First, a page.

[DWJ] graphic novels
LWilkinson at slv.vic.gov.au
LWilkinson at slv.vic.gov.au
Sun Mar 2 20:41:14 EST 2008
Coincidentally, I'm just doing a graphic novel list AS I TYPE THIS.
Good ones are
the Artemis Fowl one, which I actually like better than the book (not
there's a new series of Agatha Christie graphic novels from Harper Collins
- they're in the French Style (like Tin Tin). There's 8 volumes, with Death
on the Nile, Orient Express, etc.
For middle-years girls, there's the MINX imprint from DC comics - aiming to
provide some positive, kickarse female characters in a genre that tends to
have too many scantily clad, busty plot devices. I recommend Cecil
Castelucci's PLAIN Janes, and Derek Kirk Kim's Good as Lily.
Oh, and the Babysitter's Club graphic novels are quite surprisingly good.
There's also American Born Chinese, which I'm sure you already have, by
Gene Luen Yang.
For older readers, I'd recommend the BUDDHA series by Tezuka, as well as
NANA, and if you want to be cute ROD (Read Or Die - about a librarian who
can kill you with a sheet of paper). And Her Majesty's Dog has been
recommended to me, but I haven't read it yet.
And Scott Pilgrim, by Bryan Lee O'Malley.
I also LOVE Y: The Last Man, but it's has all of the sex/language/violence
boxes ticked, so that's up to how brave you are.
Inside a Dog Project Manager
Centre for Youth Literature
State Library of Victoria
328 Swanston Street
Melbourne VIC 3000
PH: 03 8664 7556
FAX: 03 96394143
<jon_p_noble at yaho
Sent by: Diana Wynne Jones discussion
dwj-bounces at suber <dwj at suberic.net>
01/03/2008 07:47 Re: [DWJ] Re: Dwj Digest, Vol 30,
Please respond to
Diana Wynne Jones
<dwj at suberic.net>
----- Original Message ----
From: "deborah.dwj at suberic.net" <deborah.dwj at suberic.net>
To: Diana Wynne Jones discussion <dwj at suberic.net>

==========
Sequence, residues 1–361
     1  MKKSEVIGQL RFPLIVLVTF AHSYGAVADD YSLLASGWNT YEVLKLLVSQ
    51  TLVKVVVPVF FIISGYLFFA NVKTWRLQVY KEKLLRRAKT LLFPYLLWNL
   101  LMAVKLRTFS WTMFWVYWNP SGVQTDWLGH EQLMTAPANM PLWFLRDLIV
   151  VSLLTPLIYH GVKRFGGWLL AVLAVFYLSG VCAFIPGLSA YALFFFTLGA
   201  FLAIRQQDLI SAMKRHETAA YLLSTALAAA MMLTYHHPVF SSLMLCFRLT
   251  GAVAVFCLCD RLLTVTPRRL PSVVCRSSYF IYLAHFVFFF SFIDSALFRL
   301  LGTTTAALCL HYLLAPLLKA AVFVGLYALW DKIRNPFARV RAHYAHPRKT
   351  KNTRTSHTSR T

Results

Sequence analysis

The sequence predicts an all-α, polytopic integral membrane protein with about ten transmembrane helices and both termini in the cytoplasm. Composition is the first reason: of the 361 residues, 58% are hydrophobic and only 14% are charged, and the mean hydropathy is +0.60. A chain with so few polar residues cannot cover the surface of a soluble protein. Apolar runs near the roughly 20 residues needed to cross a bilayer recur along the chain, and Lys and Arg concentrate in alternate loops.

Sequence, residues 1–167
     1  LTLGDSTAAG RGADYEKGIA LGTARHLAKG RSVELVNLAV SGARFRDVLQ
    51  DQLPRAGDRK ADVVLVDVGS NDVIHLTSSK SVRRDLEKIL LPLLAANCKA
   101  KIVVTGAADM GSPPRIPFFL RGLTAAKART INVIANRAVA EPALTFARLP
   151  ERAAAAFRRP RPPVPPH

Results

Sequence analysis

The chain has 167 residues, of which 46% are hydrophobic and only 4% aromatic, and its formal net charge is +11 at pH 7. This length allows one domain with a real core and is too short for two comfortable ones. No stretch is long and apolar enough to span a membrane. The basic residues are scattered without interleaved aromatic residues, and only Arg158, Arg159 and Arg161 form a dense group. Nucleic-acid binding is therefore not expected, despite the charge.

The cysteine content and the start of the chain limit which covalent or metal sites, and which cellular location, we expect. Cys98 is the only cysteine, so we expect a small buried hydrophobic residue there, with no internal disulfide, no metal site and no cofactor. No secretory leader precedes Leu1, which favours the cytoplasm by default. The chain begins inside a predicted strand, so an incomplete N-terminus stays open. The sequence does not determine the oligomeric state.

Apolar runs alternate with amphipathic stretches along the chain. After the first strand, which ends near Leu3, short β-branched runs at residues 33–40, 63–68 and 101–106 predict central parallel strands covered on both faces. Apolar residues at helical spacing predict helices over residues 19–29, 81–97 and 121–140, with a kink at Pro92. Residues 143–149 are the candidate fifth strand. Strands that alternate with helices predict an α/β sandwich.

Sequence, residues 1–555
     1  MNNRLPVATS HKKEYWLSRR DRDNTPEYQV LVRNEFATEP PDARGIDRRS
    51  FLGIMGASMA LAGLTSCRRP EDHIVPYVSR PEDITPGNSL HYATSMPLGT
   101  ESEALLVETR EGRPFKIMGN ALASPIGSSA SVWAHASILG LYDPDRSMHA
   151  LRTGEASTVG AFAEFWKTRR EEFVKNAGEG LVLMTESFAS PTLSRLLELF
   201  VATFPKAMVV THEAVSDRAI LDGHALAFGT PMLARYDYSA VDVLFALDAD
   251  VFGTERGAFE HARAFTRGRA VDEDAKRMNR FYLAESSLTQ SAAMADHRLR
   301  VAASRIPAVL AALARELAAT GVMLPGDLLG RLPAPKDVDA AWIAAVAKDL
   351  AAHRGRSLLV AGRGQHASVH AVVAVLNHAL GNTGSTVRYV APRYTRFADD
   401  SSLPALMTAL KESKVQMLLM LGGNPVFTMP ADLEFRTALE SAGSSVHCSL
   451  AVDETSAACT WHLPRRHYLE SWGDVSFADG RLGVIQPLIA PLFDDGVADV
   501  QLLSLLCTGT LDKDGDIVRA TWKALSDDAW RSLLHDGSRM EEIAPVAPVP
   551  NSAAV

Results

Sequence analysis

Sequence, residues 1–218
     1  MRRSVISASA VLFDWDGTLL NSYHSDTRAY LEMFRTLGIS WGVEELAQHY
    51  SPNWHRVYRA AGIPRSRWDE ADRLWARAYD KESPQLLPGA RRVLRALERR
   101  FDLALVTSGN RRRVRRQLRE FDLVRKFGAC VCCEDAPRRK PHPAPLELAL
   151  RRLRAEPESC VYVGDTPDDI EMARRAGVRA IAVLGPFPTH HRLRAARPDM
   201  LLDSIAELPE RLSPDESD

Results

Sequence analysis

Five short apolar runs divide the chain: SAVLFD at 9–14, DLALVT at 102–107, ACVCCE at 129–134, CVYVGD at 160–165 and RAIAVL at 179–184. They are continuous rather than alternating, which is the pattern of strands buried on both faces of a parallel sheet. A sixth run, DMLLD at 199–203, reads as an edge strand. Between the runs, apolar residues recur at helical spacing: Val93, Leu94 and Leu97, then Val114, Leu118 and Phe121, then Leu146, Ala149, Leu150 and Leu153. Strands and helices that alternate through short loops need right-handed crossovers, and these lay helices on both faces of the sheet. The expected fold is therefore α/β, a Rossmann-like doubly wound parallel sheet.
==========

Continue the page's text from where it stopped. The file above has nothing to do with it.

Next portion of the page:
Sent: Saturday, March 1, 2008 12:44:36 AM
Subject: Re: [DWJ] Re: Dwj Digest, Vol 30, Issue 12
On Fri, 29 Feb 2008, Joe Nankivell wrote:
> On Fri, Feb 29, 2008 at 10:58 AM, Jennifer Rowland
<janamouse at hotmail.com> wrote:
>> (Now back to buying books for the library. Nonparametric Statistics with
>> Applications to Science and Engineering, or The Analysis of
>> Categorical Data? It's a tough one.)
> Ah - you've just nailed the _other_ downside: "buying books" covers
> lot of ground. On my desk at the moment: "Head injury: the facts" (yuk),
> "Foundations of marketing" (snore), "Irish tort legislation" (double
> unless, of course, it's what you're into). Want me to go on?
> Of course, I don't get to choose them; I just have to buy them. And look
> them when they arrive. ("Diseases of the sheep: a colour atlas"...)
I don't know, sometimes it's interesting to see what people
create books about. When we had to digitize "Lead Poisoning in
Antiquity", that was a fun one.
Is there any acceptance these days of the theory that lead poising from
water pipes was a factor in the decline of the Roman empire.
In a school library one can at least buy lots of interesting books. In an
age when the Internet is the only place where many kids will bother looking
for information I have an obligation to sellect books that they will want
to take off the shelf. I can't justify spending my quite limited budget on
something no-one will ever look at. At the moment that means buying lots of
graphic novels and manga - always on the lookout for recomendations (hint,
hint - remembering that our youngest readers might only be 11 year olds)
Never miss a thing. Make Yahoo your home page.
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